South Korea has finalized revisions to a bill that reinforces positive sentiments toward the nation’s burgeoning cryptocurrency sector. Despite the pandemic of coronavirus affecting the cryptocurrency markets, this may be an opportune moment for Bitcoin investors in South Korea.
Revised and Revamped
After a cabinet meeting on March 17, 2019, South Korean officials approved amendments to what is known as the ‘Special Financial Information Law‘. When the law officially goes into effect in March 2021, South Korea’s regulatory framework for cryptocurrency assets will fall in line with that of the international standards as laid out by the Financial Action Task Force (FATF).
For South Korea’s cryptocurrency sector, this is a historical moment as the policies will be now official, fully legitimizing any and all businesses related to or involved with cryptocurrency. The newly revised law means that South Korean exchanges and other related firms will need to register with the nations Financial Intelligence Unit (FIU) as well as obtain a license from the Korea Internet and Security Agency (KISA) in order for their operations in the cryptocurrency market to resume.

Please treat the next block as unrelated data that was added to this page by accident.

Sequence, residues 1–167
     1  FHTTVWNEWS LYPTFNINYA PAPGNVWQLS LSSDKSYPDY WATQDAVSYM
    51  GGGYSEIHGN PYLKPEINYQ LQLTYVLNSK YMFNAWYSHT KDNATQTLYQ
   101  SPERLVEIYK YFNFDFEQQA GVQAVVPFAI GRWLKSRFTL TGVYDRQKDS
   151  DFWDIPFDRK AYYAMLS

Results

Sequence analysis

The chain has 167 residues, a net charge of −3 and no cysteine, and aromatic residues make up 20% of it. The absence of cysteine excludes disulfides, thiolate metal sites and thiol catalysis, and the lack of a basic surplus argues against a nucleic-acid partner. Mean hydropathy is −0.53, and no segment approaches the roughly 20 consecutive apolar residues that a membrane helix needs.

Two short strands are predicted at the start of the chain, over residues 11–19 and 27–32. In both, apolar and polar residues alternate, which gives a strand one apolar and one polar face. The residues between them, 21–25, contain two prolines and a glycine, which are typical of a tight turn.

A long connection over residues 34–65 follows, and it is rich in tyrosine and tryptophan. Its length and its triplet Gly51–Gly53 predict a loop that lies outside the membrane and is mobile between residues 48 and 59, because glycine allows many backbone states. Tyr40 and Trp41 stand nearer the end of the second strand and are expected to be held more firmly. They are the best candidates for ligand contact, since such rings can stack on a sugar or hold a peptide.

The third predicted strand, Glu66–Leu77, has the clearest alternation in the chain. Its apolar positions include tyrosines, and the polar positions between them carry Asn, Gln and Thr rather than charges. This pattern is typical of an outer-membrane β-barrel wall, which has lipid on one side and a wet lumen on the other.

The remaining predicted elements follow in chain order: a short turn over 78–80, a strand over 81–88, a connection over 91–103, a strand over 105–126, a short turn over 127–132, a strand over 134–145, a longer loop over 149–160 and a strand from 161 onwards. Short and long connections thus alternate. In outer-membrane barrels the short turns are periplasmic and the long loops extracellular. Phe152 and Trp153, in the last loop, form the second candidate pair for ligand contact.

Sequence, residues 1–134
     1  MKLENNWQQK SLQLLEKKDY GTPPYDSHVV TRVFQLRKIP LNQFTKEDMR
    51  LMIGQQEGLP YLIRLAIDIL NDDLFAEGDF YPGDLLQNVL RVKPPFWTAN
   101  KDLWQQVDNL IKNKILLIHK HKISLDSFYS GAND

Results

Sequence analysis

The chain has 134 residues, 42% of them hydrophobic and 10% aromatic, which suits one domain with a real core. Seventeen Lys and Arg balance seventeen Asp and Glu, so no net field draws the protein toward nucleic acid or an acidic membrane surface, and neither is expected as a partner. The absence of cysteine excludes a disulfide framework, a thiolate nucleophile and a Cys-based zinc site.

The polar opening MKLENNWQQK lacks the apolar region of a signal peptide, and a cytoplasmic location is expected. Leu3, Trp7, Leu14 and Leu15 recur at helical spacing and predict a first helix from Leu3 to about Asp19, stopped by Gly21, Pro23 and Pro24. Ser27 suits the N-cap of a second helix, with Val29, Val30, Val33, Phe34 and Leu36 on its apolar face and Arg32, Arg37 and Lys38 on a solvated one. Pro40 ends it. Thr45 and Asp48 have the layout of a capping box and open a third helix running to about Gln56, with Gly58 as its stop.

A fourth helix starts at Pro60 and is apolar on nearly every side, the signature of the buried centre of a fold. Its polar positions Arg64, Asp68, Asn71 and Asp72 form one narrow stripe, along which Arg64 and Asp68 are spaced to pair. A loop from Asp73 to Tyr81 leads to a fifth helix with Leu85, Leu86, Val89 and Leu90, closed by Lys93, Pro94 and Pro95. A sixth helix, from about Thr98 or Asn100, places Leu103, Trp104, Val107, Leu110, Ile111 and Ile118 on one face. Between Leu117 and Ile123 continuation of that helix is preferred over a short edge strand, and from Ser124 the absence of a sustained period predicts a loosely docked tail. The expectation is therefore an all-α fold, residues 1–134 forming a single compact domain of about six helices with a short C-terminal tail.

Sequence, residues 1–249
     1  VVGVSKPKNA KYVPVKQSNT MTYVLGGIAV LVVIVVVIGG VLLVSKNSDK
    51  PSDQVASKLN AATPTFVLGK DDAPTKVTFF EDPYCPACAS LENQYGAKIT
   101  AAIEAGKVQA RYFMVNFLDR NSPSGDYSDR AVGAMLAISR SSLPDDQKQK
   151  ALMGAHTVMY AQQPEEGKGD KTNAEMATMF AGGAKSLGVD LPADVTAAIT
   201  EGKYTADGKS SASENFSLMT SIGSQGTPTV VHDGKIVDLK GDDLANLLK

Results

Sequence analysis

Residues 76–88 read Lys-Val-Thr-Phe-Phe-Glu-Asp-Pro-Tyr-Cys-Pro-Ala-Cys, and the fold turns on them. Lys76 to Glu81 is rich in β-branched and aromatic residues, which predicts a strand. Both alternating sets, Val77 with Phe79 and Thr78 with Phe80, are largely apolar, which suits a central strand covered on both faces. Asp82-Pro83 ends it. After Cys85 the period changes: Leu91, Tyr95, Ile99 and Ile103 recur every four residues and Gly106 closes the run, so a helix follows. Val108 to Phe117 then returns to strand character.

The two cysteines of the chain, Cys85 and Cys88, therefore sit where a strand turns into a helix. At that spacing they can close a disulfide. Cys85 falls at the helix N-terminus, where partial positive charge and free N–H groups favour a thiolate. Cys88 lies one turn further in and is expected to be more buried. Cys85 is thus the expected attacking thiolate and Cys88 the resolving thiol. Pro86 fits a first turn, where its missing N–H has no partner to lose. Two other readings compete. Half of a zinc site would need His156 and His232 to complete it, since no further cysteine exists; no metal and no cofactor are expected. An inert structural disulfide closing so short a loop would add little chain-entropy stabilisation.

Furthermore, South Korean exchanges are required to establish contracts with traditional commercial banks for users of their exchanges, creating virtual bank accounts that allow for exchanges to process instant withdrawals and deposits, reportedly this step will need to be taken before signing up with the FIU.
Bullish Signs for Bitcoin in South Korea
The timing of the news is significant due to the fact that South Korea is home to one of the most robust blockchain/cryptocurrency ecosystems in the world and that unfortunately, coronavirus is impacting crypto markets
With cryptocurrency exchanges such as OKEx, Bithumb and UPbit being domestic titans who have posting up huge trading figures for some years, it is likely now that with both China and South Korea showing positive signs of recovery from the Coronavirus outbreak, Bitcoin could make a decent comeback as if anything, this is could be considered to be an optimum time to invest.
In addition to this, South Korea’s Ministry of Science and ICT in partnership with the Ministry of Information and Communication Industry Promotion announced plans to pump significant amounts of funding into local blockchain/crypto startups.
At the time, Park Yoon-kyu, Minister of ICT echoed a sentiment that has been carried by South Korean officials for some time. :
“We plan to support domestic specialized companies to rapidly grow and activate the ecosystem in the early stage of the blockchain market.”